The committee will spend the next several months reviewing the previous criteria used and revising the existing classification, where warranted.  When edits are complete, a draft of the designated forestland classification will be presented to the public at informational meetings and at a public hearing where landowners can provide testimony to the committee. Upon adoption of the final classification with each county Clerk, Forest Patrol Assessment will be updated for landowners in Wasco and Hood River counties for the upcoming tax year. 
For additional information on forestland classification processes or ODF’s Central Oregon District, please visit www.ODFcentraloregon.com.

Thursday, September 26, 2019

Fire Season Ends for Oregon Department of Forestry’s Central Oregon District


[Prineville, Ore]  Recent cool temperatures and precipitation have brought an end to the 2019 fire season for Oregon Department of Forestry’s (ODF) Central Oregon District.  At 12:01 a.m. on Thursday, September 26, 2019 fire season will officially be terminated.  Wildland fuels across the District do not pose a significant risk of rapid fire growth, however weather and fuel conditions during the fall can change quickly.  The public is reminded to follow all local burning restrictions to reduce the risk of escaped debris burns.
“We still want everyone to be careful with their burning, and to follow recommendations and restrictions,” reminds Kristin Dodd, Unit Forester in The Dalles.  “Terminating fire season doesn’t mean fire won’t burn, especially on dry windy days.”
Landowners who plan to burn industrial logging slash, fuel reduction or defensible space materials, or other debris from forest activities should contact their local ODF Office to obtain a burn permit.  Burning of yard debris or burn barrels should follow fire department restrictions and do not require a permit from ODF.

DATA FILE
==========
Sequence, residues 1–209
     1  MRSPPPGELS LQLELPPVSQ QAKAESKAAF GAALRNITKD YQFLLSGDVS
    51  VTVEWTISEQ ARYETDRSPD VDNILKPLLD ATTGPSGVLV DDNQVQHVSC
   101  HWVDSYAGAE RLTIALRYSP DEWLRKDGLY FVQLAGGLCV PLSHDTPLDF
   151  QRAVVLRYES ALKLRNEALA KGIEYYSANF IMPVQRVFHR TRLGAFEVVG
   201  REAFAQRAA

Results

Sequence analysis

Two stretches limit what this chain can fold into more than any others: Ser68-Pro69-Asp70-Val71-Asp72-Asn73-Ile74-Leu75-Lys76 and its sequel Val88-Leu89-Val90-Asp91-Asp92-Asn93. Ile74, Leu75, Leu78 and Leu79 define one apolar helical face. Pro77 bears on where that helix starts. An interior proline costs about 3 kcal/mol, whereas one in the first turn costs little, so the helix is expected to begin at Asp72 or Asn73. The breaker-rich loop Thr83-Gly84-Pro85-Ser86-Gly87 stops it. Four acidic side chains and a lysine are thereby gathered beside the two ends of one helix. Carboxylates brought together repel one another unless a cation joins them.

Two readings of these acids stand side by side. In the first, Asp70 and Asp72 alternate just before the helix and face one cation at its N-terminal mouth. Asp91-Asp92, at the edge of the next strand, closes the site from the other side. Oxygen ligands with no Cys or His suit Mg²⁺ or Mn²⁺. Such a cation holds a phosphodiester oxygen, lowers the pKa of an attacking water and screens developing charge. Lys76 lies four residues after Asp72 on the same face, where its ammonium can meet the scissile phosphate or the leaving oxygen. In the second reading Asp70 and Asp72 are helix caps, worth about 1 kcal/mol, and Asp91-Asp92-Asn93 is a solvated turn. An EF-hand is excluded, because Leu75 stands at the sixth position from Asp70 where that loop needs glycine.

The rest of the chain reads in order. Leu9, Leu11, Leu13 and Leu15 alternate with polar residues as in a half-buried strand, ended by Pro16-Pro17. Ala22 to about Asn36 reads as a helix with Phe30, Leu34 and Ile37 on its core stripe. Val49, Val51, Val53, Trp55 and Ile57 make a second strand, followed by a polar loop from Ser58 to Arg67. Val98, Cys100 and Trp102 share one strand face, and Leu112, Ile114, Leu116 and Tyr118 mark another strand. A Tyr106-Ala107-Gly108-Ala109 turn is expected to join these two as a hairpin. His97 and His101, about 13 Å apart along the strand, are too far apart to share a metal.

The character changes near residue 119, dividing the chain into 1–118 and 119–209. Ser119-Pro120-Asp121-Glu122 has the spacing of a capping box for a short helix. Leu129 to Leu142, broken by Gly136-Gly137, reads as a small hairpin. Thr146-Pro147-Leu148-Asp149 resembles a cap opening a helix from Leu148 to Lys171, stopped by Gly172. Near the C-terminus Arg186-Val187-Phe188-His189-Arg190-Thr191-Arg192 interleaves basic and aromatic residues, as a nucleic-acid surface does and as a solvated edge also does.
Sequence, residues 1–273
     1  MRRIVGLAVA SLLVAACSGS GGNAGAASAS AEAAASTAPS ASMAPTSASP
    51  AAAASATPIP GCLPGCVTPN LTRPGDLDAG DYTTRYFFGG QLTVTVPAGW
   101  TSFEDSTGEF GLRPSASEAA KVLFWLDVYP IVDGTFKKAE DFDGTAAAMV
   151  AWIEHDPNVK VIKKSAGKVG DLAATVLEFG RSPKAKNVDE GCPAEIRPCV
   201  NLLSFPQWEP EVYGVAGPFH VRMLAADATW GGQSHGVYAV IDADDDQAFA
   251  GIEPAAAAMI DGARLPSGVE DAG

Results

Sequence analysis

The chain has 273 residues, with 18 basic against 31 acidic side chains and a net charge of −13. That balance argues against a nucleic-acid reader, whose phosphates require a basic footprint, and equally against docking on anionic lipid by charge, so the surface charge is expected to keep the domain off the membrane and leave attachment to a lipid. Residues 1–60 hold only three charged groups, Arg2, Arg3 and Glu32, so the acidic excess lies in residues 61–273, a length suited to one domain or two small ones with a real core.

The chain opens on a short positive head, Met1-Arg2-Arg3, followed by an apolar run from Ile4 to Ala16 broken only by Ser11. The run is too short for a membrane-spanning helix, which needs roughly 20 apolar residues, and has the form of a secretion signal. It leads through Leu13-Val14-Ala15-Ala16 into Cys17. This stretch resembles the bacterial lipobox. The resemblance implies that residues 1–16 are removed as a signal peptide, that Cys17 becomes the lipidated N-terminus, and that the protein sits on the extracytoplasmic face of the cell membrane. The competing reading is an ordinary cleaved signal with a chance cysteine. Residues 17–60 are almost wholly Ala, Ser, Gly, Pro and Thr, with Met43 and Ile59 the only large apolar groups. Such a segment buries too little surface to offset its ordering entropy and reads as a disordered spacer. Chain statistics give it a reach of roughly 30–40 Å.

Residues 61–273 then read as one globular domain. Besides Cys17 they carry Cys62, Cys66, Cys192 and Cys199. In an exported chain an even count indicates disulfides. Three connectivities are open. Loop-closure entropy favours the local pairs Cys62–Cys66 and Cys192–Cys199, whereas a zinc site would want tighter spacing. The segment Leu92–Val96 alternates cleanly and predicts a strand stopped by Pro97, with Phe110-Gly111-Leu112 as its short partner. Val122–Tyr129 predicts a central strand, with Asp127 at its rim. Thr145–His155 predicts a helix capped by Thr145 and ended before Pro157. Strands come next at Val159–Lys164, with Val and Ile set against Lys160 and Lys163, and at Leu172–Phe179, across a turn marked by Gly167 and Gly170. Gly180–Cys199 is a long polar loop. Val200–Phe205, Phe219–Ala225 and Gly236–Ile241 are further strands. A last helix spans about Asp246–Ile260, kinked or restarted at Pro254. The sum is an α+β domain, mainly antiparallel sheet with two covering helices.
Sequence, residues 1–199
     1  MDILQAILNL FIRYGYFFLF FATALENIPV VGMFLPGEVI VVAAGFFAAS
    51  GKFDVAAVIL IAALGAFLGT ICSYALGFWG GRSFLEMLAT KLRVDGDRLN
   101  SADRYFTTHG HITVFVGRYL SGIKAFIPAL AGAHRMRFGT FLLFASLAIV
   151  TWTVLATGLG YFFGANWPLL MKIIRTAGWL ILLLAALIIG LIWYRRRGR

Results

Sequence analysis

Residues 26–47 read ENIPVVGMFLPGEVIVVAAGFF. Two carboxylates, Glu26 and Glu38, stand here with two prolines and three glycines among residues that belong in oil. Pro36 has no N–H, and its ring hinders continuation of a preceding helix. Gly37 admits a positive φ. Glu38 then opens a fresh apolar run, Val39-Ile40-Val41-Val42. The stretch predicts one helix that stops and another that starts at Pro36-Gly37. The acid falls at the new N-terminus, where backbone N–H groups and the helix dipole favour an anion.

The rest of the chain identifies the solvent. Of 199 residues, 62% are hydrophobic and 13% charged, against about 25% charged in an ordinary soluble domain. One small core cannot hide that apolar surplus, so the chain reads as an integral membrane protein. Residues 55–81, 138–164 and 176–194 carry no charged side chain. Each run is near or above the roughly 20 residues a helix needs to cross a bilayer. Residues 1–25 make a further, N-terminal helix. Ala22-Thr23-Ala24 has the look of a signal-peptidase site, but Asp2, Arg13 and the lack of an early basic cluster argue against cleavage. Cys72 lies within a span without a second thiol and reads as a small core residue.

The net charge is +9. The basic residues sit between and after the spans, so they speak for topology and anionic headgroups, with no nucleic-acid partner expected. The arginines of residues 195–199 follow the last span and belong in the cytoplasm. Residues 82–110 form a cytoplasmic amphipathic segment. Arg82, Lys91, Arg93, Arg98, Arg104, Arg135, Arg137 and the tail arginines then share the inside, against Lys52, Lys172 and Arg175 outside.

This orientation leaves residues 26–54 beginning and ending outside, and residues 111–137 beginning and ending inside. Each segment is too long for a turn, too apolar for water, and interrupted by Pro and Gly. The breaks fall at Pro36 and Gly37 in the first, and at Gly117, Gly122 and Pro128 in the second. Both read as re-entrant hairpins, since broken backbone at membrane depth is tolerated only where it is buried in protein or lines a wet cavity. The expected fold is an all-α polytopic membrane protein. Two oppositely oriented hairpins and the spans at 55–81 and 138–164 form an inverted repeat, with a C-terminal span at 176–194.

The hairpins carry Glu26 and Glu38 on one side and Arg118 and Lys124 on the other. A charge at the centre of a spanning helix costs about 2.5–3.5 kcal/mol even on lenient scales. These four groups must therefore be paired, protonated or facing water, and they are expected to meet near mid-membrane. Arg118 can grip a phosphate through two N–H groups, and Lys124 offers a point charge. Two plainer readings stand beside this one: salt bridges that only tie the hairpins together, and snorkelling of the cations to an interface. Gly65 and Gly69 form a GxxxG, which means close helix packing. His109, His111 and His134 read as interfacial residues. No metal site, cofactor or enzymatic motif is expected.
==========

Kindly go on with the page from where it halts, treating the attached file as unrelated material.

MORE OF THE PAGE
On THE DALLES UNIT (Hood River and Wasco counties)—Yard debris (small piles) and burn barrels are allowed from dawn until 11:00 a.m.  Burn permits are required by ODF or the local fire district.  Please call for details to obtain a permit.
On PRINEVILLE-SISTERS and JOHN DAY UNITS—Contact your local fire department for information regarding yard debris and burn barrels.
Fires should never be left unattended.  A shovel and water source on site are recommended when burning, even small piles.  Landowners may be liable for fires which escape.    
Firefighters within the Central Oregon District responded to 126 fires across the 2.3 million protected acres, burning just over 230 acres year-to-date.  The ten-year average for acres burned within the District is over 8,000 acres annually. The small number of acres burned in 2019 can be attributed to the quick, coordinated response of firefighting resources, wet thunderstorms, and a more moderate fire season across the region allowing more resources to be available for initial attack and extended attack for suppression efforts.  Human ignitions accounted for 49 fires, with 77 fires attributed to lightning. 
For additional information on ODF’s Central Oregon District, including contact information and unit offices, please visit www.ODFcentraloregon.com.